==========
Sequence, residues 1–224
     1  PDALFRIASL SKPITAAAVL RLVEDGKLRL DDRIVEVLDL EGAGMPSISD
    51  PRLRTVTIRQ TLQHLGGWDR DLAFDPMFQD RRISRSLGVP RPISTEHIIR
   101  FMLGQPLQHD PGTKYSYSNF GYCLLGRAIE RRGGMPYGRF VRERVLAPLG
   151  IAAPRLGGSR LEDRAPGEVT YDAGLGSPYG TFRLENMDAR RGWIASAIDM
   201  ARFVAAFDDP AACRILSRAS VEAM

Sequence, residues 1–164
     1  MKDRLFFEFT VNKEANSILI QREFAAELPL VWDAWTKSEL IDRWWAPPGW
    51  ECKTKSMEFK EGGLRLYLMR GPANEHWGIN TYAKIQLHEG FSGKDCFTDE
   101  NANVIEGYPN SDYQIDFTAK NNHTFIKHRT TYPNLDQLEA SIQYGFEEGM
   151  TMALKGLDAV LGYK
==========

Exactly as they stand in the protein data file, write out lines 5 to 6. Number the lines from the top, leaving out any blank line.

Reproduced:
   151  IAAPRLGGSR LEDRAPGEVT YDAGLGSPYG TFRLENMDAR RGWIASAIDM
   201  ARFVAAFDDP AACRILSRAS VEAM